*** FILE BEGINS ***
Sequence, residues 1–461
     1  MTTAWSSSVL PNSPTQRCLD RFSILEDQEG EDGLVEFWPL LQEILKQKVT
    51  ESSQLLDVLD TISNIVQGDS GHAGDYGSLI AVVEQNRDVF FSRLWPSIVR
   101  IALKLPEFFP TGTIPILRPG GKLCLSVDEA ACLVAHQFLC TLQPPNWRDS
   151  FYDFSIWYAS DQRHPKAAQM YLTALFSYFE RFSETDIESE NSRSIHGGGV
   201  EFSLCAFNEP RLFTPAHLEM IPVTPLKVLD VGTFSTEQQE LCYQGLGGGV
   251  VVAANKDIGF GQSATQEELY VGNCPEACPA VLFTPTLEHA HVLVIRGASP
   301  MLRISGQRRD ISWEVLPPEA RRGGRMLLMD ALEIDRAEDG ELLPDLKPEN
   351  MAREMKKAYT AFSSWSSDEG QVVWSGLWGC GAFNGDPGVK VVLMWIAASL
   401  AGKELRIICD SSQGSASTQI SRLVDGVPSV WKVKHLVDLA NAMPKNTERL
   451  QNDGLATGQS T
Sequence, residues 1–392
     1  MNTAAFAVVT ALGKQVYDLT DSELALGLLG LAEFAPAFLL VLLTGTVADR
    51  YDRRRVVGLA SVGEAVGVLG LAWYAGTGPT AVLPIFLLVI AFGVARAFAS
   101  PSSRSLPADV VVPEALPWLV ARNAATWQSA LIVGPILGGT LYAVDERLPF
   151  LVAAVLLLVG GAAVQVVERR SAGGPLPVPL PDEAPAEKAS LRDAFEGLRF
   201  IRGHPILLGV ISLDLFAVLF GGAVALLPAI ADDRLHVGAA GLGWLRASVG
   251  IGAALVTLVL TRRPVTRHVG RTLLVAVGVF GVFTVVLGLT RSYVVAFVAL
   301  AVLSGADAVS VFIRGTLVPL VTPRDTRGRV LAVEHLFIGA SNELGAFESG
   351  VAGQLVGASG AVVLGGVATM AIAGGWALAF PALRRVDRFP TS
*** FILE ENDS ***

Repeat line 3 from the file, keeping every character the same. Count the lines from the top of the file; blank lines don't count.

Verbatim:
    51  ESSQLLDVLD TISNIVQGDS GHAGDYGSLI AVVEQNRDVF FSRLWPSIVR